* 10-yr futures rise to all-time record high
* 30-yr sale confirms demand for superlong maturities
By Lisa Twaronite and Dominic Lau
TOKYO, March 8 Japanese government bond futures
jumped to a record on Friday and the 20-year yield plunged after
a decent sale of 30-year bonds implied solid demand for
superlong maturities and prompted a wave of shortcovering.
The 10-year futures contract rose 20 ticks to
145.32, after reaching an all-time record peak of 145.50 in the
The 20-year yield tumbled as much as 11 basis
points to 1.555 percent, moving back toward Tuesday's low of
1.450 percent, its lowest since mid-2003.
At the Ministry of Finance's offering of 700 billion yen
($7.4 billion) of 30-year bonds, some 400 billion yen were said
to have sold to unknown bidders, a fairly large amount which
some market participants said suggested demand from banks and
other accounts seeking bonds.
"Today's 30-year auction was a good timing for accounts to
buy bond at the fiscal year-end, so there was likely demand from
domestic lifers, and also it could be coming from pension funds
who had been changing their positions out of domestic equities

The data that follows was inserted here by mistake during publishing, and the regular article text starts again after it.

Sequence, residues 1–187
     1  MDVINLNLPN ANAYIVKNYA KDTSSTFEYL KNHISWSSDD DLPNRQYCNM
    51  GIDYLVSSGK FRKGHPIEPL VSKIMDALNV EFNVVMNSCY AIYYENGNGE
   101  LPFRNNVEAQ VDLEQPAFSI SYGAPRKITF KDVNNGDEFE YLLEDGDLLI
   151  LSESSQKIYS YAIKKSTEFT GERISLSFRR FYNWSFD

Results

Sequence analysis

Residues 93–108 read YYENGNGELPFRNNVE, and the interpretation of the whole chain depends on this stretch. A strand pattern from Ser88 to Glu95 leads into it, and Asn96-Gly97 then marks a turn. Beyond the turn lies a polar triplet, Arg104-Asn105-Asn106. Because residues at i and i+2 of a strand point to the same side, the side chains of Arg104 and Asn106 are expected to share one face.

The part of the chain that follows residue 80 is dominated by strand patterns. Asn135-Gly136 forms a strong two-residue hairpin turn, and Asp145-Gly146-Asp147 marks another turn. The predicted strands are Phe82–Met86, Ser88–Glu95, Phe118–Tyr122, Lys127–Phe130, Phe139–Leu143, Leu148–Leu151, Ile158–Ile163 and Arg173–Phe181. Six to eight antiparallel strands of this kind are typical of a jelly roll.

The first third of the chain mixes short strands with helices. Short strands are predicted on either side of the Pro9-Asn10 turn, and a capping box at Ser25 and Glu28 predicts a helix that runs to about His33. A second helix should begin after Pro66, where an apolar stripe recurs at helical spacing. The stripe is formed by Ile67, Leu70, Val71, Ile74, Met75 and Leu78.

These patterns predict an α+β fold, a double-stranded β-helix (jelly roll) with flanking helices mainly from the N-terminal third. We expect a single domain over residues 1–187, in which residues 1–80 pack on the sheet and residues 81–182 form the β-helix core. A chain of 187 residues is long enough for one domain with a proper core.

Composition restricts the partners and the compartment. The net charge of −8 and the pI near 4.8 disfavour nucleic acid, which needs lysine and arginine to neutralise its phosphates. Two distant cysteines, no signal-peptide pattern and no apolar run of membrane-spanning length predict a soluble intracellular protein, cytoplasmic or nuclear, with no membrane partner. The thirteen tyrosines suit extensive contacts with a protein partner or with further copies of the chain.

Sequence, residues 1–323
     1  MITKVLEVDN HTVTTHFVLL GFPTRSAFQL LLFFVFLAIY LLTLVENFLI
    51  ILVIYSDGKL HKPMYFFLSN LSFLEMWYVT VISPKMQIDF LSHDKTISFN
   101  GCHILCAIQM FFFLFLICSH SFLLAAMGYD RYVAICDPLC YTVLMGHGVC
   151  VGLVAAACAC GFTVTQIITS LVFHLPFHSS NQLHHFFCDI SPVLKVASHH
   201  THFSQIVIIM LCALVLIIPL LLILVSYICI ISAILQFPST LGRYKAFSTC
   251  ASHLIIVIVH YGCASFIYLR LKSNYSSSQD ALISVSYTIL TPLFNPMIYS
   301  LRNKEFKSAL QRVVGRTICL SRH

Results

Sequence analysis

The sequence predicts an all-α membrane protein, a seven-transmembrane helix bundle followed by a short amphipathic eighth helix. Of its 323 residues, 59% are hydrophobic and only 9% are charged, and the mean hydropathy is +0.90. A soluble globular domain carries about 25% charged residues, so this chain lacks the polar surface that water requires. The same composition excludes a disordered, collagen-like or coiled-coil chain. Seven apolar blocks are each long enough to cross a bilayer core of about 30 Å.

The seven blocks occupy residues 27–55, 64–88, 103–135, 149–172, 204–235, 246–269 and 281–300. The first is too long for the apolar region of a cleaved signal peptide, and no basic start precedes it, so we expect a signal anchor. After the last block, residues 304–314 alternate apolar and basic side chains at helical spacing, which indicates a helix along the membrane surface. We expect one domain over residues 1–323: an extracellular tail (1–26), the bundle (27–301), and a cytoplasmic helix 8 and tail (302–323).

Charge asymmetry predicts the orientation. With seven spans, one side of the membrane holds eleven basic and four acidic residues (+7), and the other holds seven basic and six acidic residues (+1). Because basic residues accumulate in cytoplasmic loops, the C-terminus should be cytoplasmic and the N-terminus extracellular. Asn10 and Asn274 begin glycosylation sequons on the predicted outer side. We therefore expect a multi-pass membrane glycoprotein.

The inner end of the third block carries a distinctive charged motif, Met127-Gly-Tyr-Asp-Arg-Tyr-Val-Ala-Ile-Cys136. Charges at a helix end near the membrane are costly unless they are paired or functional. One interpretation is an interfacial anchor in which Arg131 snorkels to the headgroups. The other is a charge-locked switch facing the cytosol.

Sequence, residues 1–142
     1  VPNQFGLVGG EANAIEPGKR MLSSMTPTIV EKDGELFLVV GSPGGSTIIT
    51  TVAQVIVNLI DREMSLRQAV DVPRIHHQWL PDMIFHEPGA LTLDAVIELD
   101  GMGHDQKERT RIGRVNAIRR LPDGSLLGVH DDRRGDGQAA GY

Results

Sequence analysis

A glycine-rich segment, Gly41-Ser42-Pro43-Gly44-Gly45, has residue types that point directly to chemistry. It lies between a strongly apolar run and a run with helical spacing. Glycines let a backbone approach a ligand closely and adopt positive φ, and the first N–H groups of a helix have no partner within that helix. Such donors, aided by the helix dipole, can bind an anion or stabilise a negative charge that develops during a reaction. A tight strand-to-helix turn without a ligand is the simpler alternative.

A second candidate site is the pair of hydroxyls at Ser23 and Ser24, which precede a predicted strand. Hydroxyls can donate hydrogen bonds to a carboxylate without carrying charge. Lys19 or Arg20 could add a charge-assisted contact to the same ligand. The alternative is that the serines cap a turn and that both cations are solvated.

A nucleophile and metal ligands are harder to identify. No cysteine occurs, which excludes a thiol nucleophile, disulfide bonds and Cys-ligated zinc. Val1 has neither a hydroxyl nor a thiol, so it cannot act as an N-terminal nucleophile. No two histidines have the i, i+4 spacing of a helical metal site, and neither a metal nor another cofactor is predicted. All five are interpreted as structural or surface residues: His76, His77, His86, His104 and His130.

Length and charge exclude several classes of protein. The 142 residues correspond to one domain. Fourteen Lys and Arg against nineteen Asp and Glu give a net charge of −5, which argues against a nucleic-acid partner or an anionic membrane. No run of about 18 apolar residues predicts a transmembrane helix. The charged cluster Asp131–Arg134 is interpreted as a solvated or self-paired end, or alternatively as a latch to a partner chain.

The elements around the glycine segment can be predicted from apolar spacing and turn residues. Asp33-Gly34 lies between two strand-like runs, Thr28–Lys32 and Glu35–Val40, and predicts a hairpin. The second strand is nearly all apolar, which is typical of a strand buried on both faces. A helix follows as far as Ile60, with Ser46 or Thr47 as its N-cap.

and foreign bonds into Japanese bonds," said Tomohisa Fujiki,
interest rate strategist at BNP Paribas.
"Those flows could be continuing until the end of the fiscal
year," he added.
The coupon on the latest offering was 1.8 percent, the
lowest since July 2003. Despite the low coupon, the bonds sold
at a better-than-expected lowest price of 99.45. The sale drew
bids of 3.33 times the amount offered, down from the previous
sale's bid-to-cover ratio of 3.52 times, and the tail between
the average and lowest accepted prices was 0.16, matching that
at last month's offering.
The 30-year bond yield dropped 5.5 basis
points to 1.735 percent, moving back toward a 2-1/2-year low of
1.625 percent hit on Tuesday.
"There was a correction to moves earlier this week, but the
auction results suggested that there is still real demand, so
some used it as a buying opportunity in post-auction trading,"
said a fixed-income fund manager at a Japanese trust fund.
The 10-year yield slipped 2 basis points to
0.650 percent, even though Tokyo's Nikkei share average
jumped 2.6 percent to close at a 53-month high, even as
investors awaited the key U.S. payrolls report later in the day
for signals on the strength of the U.S. recovery.
"People have priced in those domestic factors...the bullish
factors out of Japan already. We are not certain about the U.S.
outlook," said Maki Shimizu, senior strategist at Citigroup
Global Markets Japan.
"It seems that risk-on trades are resuming, or maybe not.
Payroll is the one key event that we need to monitor. The (JGB)
market seems to be holding up well."
Those upbeat domestic factors included mounting expectations
that the Bank of Japan will buy more longer-dated bonds under a
new leadership from April.